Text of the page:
Philip Armour is a name well know in Chicago history. The Armour's had arrived in the American colonies from Scotland before the American revolution. Philip Armour was born May 16, 1832 in Stockbridge, New York. His mother, maiden name of Allison, was born in Scotland in 1826 and had come to America as a young girl. It is unclear when they married. Mr. Armour, Sr. was a life member of the Illinois St. Andrew's Society and said to be its most generous donor. We have no records from 1845-1871 because of the Great Fire.
Mr. & Mrs. Armour had 3 sons, J. Ogden was the oldest, Joseph had died in infancy and Philip Danforth, Jr. was born January 11, 1869 in Milwaukee, Wisconsin. The youngest son had been educated by private tutors until he was 16 and then was sent to Andover Academy to prepare for college. He entered Yale at eighteen. He was proficient in Latin and Greek with a love for classic literature and art. For reason unknown he left Yale after one year and prepared to enter the house of Armour & Co.
His Father wanted him to tour Europe for one year before beginning his employment, so with a tutor, he visited all the major countries of Europe. In Europe he collected books and art work. The Armour's lived on Prairie Ave. which was "The Street" in 1890, the Lester family lived 2 block away on Calumet. Their daughter was named Mary and she and P.D., Jr. were friends. "The boy and girl met daily from the time they were 6 years of age."
After his tour of Europe, Philip began working for Armour & Company. He started at the very bottom, working in the stock-yards every day. At the age of 25, he was made a partner and traveled around the world visiting the offices of the company. He knew employees from every branch and like his father was greatly loved and respected.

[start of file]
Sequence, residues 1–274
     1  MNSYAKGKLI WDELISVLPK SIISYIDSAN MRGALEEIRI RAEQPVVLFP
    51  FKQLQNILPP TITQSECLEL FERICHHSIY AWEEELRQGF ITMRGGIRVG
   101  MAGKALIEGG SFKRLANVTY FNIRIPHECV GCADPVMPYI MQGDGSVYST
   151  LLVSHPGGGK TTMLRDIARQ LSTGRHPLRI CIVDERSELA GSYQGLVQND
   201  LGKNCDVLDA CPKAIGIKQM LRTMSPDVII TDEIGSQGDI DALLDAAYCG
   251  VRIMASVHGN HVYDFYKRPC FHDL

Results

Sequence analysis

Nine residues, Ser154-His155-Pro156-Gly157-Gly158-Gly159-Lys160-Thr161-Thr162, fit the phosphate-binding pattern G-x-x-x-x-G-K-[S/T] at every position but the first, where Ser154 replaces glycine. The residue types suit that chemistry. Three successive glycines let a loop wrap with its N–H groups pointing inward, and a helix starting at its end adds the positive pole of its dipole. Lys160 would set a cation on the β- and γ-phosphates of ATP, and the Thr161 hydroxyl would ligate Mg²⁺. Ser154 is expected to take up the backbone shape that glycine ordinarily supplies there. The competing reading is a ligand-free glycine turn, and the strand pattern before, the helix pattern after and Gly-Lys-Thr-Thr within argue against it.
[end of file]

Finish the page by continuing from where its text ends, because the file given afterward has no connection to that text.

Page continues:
In the Fall of 1889, the engagement of Mary Lester and Philip D. Armour, Jr. was announced. The Mothers began planning for the Christmas wedding. It was to be the largest, most beautiful wedding every seen in Chicago. No expense would be spared. Decorations were chosen, the Bride's trousseau was progressing and the musicians engaged. It was to be the social event of the year. I can only assume that the Central Church was the chosen location.
On November 7, 1889, Philip came to visit Mary Lester as the wedding plans were being discussed. Finally, he said, "We are not on exhibition" and he and Mary took a walk to talk. "If you love me well enough to marry me, he said, you love me well enough to marry me now. Let's put an end to all this..." A carriage was called for and the two returned to the Armour's house at 2115 Prairie Ave. The Rev. F. W. Gunsaulus was sent for and the couple was married. Mr. Armour, Sr., was still at work. Immediately after the wedding, the couple boarded a train for the East. The mothers were left sad, probably a little angry, and dejected!
Philip was quiet, intelligent and a family man. His only outdoor sport was golf. He was a member of the Chicago Athletic Club, the Calumet Club, Onwentsia and the Chicago Golf Club in Wheaton, IL.
In business he was quick to learn and was the pride of his father. His closest friend was Patrick A. Valentine. In 1892, Philip and Mary purchased 400 acres near Oconomowoc, WI. and built a summer home known as Danforth Lodge. They also had a home in California. Two children were born to the marriage: Philip Danforth Armour III and Lester Armour.
The family left for their home at Montecito, California with their two boys, age 5 and 7. Three weeks later, Philip Armour was dead. It came without warning and no cause of death was given. His brother, J. Ogden met the funeral train in Kansas City. It consisted of two special cars attached to a Santa Fe train.
The body lay in state at the family home where hundreds came to pay their respects. The casket was placed in the library and the home was opened to the public. "His life is an example of an exception to the common adage concerning the rich man's son. He was known for his business ability, and had he lived he would have made a name for himself...he was beloved by all those who knew him well." Neither the father or mother of Philip were able to attend. Philip Armour, Sr. was soon to die.
The Rev. Gunsaulus, pastor of the Central Church, conducted the service. A special train took the body and mourners from 40th and Michigan to Graceland cemetery. Patrick A. Valentine was an honorary pallbearer.